Nation

Obama administration to release drone memo on killing U.S. citizens

Courts and the JudiciaryU.S. SenateFreedom of Information ActBarack Obama
Obama administration to release drone memo outlining legal basis for killing Americans suspected of terrorism
Rand Paul plans to filibuster drone memo author David Barron's nomination to appellate court
Judicial nominee David Barron, who wrote secret drone memo, faces a Senate vote

President Obama’s Justice Department will release a long-sought secret document laying out the legal basis for using drones to kill Americans suspected of terrorist activities abroad, administration officials confirmed Tuesday.

Rather than appeal a court order that the so-called “drone memo” be released under the Freedom of Information Act, Atty. Gen. Eric H. Holder Jr. concurred with the decision of Solicitor Gen. Donald Verrilli not to pursue the appeal and agreed to release a redacted version of the document, the officials said.

Officials requested anonymity to discuss the closed-door deliberations, first disclosed Tuesday by the Associated Press. The documents will be released later, pending court approval.

Administration lawyers are asking that the document be redacted to hide classified information, officials confirmed, although the legal reasoning will be legible.

The news leaked a day before the Senate was scheduled to hold a procedural vote to advance the judicial nomination of the writer of the memo, David Barron, a former Justice Department official nominated to serve on the U.S. 1st Circuit Court of Appeals in Boston.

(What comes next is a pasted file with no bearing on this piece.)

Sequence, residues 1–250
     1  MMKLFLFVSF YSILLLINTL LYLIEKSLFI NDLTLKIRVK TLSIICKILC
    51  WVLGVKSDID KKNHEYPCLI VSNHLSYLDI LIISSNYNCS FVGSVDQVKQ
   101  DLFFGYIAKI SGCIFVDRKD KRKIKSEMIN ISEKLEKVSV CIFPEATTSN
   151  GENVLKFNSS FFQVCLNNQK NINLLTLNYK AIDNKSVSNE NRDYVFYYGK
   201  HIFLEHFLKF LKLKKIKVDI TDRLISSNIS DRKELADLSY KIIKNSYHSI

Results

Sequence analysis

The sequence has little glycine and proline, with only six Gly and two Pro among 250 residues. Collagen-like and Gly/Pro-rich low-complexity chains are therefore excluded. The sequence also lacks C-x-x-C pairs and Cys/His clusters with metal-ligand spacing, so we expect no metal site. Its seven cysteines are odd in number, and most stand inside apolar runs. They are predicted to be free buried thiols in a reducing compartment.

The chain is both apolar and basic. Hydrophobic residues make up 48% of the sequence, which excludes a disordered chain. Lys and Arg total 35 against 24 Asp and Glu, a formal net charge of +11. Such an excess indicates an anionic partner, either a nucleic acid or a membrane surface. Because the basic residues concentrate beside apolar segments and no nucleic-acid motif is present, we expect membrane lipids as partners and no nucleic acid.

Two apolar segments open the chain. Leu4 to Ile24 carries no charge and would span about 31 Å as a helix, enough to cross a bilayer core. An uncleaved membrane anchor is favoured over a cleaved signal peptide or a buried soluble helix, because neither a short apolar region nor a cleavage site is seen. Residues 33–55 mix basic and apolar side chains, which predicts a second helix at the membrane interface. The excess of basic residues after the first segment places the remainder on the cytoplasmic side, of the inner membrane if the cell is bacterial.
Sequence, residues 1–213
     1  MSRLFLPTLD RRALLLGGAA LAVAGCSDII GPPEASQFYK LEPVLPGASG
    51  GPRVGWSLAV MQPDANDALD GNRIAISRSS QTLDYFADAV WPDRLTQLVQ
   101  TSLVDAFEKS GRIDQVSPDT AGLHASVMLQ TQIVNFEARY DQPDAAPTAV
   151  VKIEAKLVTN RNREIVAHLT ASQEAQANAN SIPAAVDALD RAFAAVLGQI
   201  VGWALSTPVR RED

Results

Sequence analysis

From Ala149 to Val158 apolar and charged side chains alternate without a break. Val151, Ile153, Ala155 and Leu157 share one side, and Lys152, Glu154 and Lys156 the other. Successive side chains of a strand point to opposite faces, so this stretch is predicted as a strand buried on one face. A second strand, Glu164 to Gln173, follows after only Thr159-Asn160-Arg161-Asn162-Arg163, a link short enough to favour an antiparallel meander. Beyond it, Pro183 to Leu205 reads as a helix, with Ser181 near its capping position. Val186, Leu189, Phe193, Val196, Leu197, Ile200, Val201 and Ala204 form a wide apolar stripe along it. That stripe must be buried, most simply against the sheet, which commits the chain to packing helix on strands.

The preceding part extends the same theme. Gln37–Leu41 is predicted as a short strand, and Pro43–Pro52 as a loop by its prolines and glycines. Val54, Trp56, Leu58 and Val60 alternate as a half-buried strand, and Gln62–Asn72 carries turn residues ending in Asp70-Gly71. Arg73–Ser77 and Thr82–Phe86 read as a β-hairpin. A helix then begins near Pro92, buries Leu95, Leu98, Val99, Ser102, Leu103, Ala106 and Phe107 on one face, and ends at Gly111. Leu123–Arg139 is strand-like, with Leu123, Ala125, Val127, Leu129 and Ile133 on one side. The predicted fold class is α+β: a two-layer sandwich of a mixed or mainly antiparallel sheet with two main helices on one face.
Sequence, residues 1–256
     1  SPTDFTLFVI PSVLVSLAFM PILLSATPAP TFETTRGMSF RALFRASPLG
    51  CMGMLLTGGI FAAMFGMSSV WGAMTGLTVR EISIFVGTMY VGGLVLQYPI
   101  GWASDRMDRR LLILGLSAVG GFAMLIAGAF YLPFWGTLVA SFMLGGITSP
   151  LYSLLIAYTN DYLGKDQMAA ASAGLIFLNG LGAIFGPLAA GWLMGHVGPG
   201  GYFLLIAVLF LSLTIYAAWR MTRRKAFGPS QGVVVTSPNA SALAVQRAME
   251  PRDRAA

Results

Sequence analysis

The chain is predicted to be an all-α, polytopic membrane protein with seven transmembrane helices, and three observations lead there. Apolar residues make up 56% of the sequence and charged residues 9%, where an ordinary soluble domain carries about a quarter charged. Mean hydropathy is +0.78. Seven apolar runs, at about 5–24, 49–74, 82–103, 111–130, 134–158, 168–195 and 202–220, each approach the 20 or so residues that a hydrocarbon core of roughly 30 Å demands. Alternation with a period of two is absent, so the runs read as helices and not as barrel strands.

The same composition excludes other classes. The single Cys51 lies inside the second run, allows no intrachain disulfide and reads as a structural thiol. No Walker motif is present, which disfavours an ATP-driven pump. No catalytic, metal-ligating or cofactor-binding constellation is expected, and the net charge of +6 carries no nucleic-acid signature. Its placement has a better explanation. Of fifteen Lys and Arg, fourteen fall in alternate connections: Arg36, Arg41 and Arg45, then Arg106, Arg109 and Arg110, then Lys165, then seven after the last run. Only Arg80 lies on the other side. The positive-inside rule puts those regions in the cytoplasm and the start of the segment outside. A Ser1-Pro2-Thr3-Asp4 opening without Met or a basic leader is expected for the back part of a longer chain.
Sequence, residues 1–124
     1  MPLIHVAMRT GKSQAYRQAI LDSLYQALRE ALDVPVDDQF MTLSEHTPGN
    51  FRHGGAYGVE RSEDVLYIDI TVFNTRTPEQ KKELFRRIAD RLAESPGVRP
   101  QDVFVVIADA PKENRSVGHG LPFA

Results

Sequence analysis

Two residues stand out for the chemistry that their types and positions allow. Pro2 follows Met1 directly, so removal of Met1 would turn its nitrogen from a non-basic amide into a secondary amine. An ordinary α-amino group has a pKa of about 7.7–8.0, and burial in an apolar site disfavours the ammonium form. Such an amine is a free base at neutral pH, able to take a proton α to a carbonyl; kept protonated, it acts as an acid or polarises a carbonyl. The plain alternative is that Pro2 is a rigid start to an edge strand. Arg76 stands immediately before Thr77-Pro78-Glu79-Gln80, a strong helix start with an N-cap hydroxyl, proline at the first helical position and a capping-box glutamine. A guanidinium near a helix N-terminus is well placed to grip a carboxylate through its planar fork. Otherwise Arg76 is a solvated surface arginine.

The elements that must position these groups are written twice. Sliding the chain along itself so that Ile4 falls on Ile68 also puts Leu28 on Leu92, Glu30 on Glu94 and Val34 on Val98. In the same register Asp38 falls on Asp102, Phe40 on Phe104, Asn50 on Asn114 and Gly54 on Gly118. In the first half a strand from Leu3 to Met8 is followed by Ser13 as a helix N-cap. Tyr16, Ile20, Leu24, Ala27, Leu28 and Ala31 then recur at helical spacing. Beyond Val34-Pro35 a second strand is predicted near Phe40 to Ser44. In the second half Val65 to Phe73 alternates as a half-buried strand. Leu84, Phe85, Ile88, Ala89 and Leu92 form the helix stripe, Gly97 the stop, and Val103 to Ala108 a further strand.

The promise of disclosure did not appear to derail a promised filibuster of the nomination by Republican Sen. Rand Paul of Kentucky. Paul said last week that he had read the memo and wasn’t satisfied.

And in an advance excerpt from his prepared remarks, released Tuesday, Paul said he would oppose the nomination of “anyone who would argue that the president has the power to kill American citizens not involved in combat.”

“I rise today to say that there is no legal precedent for killing American citizens not directly involved in combat and that any nominee who rubber stamps and grants such power to a president is not worthy of being placed one step away from the Supreme Court,” Paul wrote.

But Senate Majority Leader Harry Reid, a Democrat from Nevada, said he had lined up the Democratic votes to confirm Barron.

“I think we'll be OK,” Reid said. “I don't know if everybody -- but certainly most everyone in our caucus is satisfied.”

Before this week, the Obama administration had fought the public release of the document, and had offered only to show unredacted copies privately to senators.

But in recent weeks, even some Senate Democrats had been clamoring for the document’s public release before the vote. ‎

Sen. Mark Udall (D-Colo.) said the decision means he will support Barron's nomination. He called it "a welcome development for government transparency."

The decision affirms that, "although the government does have the right to keep national security secrets, it does not get to have secret law," Udall said.

"I am proud the administration appears to have heeded my call and committed to abide by a recent 2nd Circuit Court ruling and publicly release this memo," he said.

Anwar Awlaki, a radical Islamic cleric born in New Mexico, and his teenage son were killed by U.S. drone strikes in Yemen in 2011. 

Michael A. Memoli of the Washington bureau contributed to this report.

Copyright © 2014, Los Angeles Times
Related Content
Courts and the JudiciaryU.S. SenateFreedom of Information ActBarack Obama
Comments
Loading